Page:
Foreigners turning cold on China and the resulting capital flight appears to be having an impact on CCP factional politics.
We believe that there is a very low probability of Xi Jinping having attempted to assassinate Li Keqiang, given their long-standing political alliance and the fact that as a political force, Li posed no threat to Xi.
We believe that politics and economics are two driving factors behind the Xi Jinping leadership’s decision to subject Hui Ka Yan to “mandatory measures” at this time.
Xi Jinping’s political problems will likely compound as more signs of the Chinese economy tanking emerge later this year and social instability rises.
Despite appearances, Secretary Blinken’s visit to China has not done much to thaw Sino-U.S. relations or change its current dynamics.
Xi Jinping has turned to propaganda, purges, and a softened diplomatic approach to tackle the “various risks, challenges, and difficult problems” facing the regime.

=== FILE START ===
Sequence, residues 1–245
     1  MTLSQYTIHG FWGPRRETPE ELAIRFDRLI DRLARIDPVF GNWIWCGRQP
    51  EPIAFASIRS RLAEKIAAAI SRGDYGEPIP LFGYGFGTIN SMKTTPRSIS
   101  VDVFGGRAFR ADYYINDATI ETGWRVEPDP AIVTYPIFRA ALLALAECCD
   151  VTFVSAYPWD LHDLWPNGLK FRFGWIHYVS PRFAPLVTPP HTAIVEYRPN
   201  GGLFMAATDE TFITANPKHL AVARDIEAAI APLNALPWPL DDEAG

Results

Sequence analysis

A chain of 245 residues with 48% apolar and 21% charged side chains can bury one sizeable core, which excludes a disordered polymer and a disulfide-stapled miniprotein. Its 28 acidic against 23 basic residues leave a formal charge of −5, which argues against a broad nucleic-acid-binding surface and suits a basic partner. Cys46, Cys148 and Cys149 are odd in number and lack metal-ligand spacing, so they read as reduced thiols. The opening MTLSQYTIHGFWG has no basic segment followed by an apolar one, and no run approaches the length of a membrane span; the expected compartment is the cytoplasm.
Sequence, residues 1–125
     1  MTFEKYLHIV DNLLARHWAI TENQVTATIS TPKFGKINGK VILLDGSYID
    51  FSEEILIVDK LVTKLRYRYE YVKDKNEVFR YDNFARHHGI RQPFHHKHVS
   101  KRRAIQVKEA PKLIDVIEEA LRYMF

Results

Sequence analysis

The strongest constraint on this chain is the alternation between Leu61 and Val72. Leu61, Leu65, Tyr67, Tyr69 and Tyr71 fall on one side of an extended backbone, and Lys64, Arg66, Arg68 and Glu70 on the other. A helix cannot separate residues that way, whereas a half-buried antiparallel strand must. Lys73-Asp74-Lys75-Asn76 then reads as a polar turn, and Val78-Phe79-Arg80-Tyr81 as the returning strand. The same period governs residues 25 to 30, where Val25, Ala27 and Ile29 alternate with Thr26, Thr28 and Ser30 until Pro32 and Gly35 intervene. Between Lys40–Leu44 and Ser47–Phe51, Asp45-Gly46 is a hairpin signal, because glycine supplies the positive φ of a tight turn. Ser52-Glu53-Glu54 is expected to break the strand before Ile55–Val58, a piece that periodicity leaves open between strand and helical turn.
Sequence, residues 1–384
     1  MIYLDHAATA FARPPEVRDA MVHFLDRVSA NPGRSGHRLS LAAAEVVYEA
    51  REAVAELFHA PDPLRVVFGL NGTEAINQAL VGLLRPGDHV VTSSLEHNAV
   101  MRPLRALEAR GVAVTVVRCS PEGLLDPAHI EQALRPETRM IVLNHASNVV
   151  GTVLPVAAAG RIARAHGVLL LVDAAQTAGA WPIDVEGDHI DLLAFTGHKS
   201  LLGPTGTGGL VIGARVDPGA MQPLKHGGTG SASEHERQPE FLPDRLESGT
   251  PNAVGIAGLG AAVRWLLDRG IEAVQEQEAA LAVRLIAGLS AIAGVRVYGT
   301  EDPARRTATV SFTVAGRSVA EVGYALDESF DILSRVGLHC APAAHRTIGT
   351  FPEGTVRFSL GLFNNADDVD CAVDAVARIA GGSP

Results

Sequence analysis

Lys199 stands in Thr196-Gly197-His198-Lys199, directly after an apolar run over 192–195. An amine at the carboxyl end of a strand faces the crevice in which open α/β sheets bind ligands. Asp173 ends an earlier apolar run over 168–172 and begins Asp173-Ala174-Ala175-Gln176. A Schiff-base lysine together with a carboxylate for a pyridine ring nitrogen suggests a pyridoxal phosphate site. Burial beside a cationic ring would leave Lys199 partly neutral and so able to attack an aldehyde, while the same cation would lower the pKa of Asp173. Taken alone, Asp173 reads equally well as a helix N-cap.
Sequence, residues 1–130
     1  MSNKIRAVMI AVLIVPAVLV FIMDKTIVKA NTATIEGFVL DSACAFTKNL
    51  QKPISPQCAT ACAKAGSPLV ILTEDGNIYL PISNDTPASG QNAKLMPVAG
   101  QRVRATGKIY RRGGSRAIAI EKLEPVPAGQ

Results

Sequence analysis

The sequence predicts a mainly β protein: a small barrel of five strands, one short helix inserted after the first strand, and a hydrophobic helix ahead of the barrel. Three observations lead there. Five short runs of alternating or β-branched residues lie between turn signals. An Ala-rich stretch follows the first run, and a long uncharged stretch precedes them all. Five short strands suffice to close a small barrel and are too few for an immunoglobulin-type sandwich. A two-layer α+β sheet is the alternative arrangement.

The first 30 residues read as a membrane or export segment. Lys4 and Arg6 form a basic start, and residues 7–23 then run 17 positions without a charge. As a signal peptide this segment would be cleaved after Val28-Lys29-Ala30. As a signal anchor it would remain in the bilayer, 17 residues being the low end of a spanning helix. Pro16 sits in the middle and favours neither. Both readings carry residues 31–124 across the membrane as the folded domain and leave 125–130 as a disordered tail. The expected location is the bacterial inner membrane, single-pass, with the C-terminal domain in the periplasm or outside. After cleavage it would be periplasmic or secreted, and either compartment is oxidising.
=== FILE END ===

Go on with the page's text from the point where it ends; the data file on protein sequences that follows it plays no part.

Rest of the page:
The Jiang faction could exploit Jiang Zemin’s death to undermine the Xi leadership by stirring up strong “anti-Xi, not anti-CCP” sentiments in China and overseas.
Hu almost certainly knew the result of the personnel reshuffle beforehand, and is unlikely to have suddenly found reason to be upset with Xi over the reshuffle.
We were able to forecast the 20th Party Congress leadership reshuffle with good accuracy without relying on insider sources using our unique political risk assessment model.